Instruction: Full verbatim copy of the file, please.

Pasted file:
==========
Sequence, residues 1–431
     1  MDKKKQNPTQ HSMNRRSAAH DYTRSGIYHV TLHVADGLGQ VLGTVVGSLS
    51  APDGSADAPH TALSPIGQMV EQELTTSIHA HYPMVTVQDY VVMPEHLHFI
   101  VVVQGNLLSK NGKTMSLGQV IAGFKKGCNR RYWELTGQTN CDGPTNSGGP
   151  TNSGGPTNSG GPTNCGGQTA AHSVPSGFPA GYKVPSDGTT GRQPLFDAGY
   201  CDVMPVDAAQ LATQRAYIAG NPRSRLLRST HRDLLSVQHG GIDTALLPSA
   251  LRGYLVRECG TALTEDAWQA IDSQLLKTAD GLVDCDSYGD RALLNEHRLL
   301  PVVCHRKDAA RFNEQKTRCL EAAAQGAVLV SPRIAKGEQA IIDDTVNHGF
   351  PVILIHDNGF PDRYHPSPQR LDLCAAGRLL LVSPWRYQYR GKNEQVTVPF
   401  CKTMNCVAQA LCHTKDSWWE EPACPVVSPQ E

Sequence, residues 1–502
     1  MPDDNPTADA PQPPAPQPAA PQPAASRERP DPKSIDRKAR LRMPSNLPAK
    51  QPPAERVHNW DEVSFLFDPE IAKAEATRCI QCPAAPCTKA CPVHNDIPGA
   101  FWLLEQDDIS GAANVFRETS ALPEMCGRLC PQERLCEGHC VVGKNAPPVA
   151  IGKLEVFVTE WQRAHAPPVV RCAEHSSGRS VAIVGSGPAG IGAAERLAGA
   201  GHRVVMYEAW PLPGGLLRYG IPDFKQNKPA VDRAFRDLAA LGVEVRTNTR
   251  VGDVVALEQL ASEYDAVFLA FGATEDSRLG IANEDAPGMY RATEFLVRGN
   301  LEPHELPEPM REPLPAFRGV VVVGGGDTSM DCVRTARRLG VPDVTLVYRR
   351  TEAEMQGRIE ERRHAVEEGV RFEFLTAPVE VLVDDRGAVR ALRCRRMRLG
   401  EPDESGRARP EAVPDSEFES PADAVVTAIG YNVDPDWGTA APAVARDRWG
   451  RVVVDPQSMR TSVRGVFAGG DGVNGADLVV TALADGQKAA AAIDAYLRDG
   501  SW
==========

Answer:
Sequence, residues 1–431
     1  MDKKKQNPTQ HSMNRRSAAH DYTRSGIYHV TLHVADGLGQ VLGTVVGSLS
    51  APDGSADAPH TALSPIGQMV EQELTTSIHA HYPMVTVQDY VVMPEHLHFI
   101  VVVQGNLLSK NGKTMSLGQV IAGFKKGCNR RYWELTGQTN CDGPTNSGGP
   151  TNSGGPTNSG GPTNCGGQTA AHSVPSGFPA GYKVPSDGTT GRQPLFDAGY
   201  CDVMPVDAAQ LATQRAYIAG NPRSRLLRST HRDLLSVQHG GIDTALLPSA
   251  LRGYLVRECG TALTEDAWQA IDSQLLKTAD GLVDCDSYGD RALLNEHRLL
   301  PVVCHRKDAA RFNEQKTRCL EAAAQGAVLV SPRIAKGEQA IIDDTVNHGF
   351  PVILIHDNGF PDRYHPSPQR LDLCAAGRLL LVSPWRYQYR GKNEQVTVPF
   401  CKTMNCVAQA LCHTKDSWWE EPACPVVSPQ E

Sequence, residues 1–502
     1  MPDDNPTADA PQPPAPQPAA PQPAASRERP DPKSIDRKAR LRMPSNLPAK
    51  QPPAERVHNW DEVSFLFDPE IAKAEATRCI QCPAAPCTKA CPVHNDIPGA
   101  FWLLEQDDIS GAANVFRETS ALPEMCGRLC PQERLCEGHC VVGKNAPPVA
   151  IGKLEVFVTE WQRAHAPPVV RCAEHSSGRS VAIVGSGPAG IGAAERLAGA
   201  GHRVVMYEAW PLPGGLLRYG IPDFKQNKPA VDRAFRDLAA LGVEVRTNTR
   251  VGDVVALEQL ASEYDAVFLA FGATEDSRLG IANEDAPGMY RATEFLVRGN
   301  LEPHELPEPM REPLPAFRGV VVVGGGDTSM DCVRTARRLG VPDVTLVYRR
   351  TEAEMQGRIE ERRHAVEEGV RFEFLTAPVE VLVDDRGAVR ALRCRRMRLG
   401  EPDESGRARP EAVPDSEFES PADAVVTAIG YNVDPDWGTA APAVARDRWG
   451  RVVVDPQSMR TSVRGVFAGG DGVNGADLVV TALADGQKAA AAIDAYLRDG
   501  SW